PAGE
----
AZ And Buckwild Discuss Creating ‘Truth Be Told’ And Their Legendary Status In Hip Hop


𝔻𝕣𝕖𝕒𝕞 𝕄𝕖𝕣𝕔𝕙𝕒𝕟𝕥
Sep 20, 2014
Regarding the greatest MCs ever, AZ deserves his flowers as one of the best. Unquestionably, the Grammy-nominated Brooklyn native is the self-proclaimed “most underrated but appreciated rapper” whose career spans almost three decades.

AZ emerged on the scene with one the greatest debut verses of all time on “Life’s a B*tch” from Nas’ classic album, Illmatic. With one unforgettable verse, AZ created enough buzz that got him signed with EMI and he released his debut album, Doe or Die, in 1995, which is regarded as one of the landmark LPs of the 90s. The album featured the Top 25 Billboard 100 hit “Sugar Hill” and eventually went platinum.

Alongside Nas, Foxy Brown, Cormega, and Nature, he formed the supergroup The F.I.R.M., who released their only eponymous album in 1997, which also went platinum. Through the ebbs and flows of the ever-changing music industry, AZ has released over 10 albums, a slew of mixtapes, and collaborative projects.

Hailing from the Bronx, Anthony “Buckwild” Best is one of the essential architects of the 90s boom-bap sound. He came to prominence as a member of Diggin’ in the Crates Crew (D.I.T.C.) along with Lord Finesse, Showbiz and A.G., Diamond D, Fat Joe, O.C., and the late Big L.

Buckwild went on to be one of the most well-respected producers crafting classics such as The Notorious B.I.G.'s "I Got a Story to Tell," Black Rob's "Whoa!", Faith Evans’ “I Love You”, and many more.

On Dec. 1, AZ released Truth Be Told entirely produced by Buckwild. Garnering critical acclaim, the album features appearances by Mumu Fresh, Pharoe Monch, and Fat Joe.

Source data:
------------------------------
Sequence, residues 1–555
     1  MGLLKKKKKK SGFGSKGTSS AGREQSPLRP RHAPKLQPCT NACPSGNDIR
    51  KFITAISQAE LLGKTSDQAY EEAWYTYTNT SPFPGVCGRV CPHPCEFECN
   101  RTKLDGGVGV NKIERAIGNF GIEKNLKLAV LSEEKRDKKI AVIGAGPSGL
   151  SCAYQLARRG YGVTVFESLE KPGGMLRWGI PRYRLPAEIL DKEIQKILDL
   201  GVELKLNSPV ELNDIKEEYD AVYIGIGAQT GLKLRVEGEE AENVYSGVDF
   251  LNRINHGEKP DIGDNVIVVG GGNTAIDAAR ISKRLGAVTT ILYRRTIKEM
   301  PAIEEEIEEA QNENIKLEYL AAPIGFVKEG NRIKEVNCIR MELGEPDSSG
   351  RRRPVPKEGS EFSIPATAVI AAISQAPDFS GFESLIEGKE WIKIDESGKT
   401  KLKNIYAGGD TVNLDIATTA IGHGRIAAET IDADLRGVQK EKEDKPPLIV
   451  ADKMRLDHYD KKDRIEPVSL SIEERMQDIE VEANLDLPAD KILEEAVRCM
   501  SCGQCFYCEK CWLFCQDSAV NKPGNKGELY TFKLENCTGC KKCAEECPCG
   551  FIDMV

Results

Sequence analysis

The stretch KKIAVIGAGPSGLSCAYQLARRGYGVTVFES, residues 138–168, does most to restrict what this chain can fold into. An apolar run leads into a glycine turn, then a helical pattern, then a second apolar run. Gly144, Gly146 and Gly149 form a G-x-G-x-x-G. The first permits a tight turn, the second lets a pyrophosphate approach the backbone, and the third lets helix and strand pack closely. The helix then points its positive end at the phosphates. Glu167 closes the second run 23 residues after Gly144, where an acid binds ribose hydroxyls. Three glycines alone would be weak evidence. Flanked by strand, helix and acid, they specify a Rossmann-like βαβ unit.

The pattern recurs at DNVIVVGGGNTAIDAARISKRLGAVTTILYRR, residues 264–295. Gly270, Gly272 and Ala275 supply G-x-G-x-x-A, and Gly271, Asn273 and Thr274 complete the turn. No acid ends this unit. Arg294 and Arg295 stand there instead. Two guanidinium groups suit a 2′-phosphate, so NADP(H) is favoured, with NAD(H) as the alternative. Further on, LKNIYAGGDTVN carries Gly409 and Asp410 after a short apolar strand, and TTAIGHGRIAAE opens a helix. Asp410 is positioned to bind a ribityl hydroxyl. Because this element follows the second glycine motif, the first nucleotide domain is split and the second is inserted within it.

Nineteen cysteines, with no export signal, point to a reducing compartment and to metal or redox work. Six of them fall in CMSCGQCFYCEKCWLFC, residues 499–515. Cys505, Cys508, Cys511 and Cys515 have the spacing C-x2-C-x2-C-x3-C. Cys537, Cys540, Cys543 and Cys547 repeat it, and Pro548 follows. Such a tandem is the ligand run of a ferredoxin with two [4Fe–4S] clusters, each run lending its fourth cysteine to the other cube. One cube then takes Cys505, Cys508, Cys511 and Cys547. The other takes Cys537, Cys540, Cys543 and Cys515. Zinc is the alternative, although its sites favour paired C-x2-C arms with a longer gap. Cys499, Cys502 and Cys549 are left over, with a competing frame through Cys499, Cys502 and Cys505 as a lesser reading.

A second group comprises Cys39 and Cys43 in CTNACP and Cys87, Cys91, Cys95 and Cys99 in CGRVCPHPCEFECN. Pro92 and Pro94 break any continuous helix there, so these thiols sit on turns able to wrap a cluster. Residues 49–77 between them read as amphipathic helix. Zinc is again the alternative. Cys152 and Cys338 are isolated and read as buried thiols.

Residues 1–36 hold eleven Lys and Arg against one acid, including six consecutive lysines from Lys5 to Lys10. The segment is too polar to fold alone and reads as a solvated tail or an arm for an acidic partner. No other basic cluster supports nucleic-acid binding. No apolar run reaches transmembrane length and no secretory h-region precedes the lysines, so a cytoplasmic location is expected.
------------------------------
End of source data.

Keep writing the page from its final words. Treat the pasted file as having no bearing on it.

In an exclusive interview, spoke with AZ and Buckwild about creating the LP, building their chemistry for almost 30 years, and their status as icons in hip-hop. When do you first meet Buckwild?

AZ: I met him when I was working on Doe Or Die. At that time, the only producer I knew was Pete Rock but I heard about a lot of producers from being in a studio with Nas when he was making Illmatic. I heard a couple of producers and then my manager at the time said, “This cat Buckwild has a couple of joints.” He played me a track that became “Hoe Happy Jackie,” that made the album. It was like a movie to me when he put it together. Since then, Buck has been on a couple of my albums. He was on Aziatic and produced the single “I’m Back” and on AWOL. We’ve kept a good rapport.

Buckwild: Time has flown! It’s been almost 30 years since the release of Doe or Die when you first worked together. When did you decide that the timing was right to do an entire project together?

AZ: Around 2018, he gave me a joint called “Save the People” with Raekwon and Prodigy, which was crazy and I was like, “Wow, this is a good vibe right here.”Buck always comes through with some great music and we decided to hop in the lab and see what could happen. He was on Doe or Die 2 on the joint with Dave East too. We started locking in and doing records and it led up to this a year later.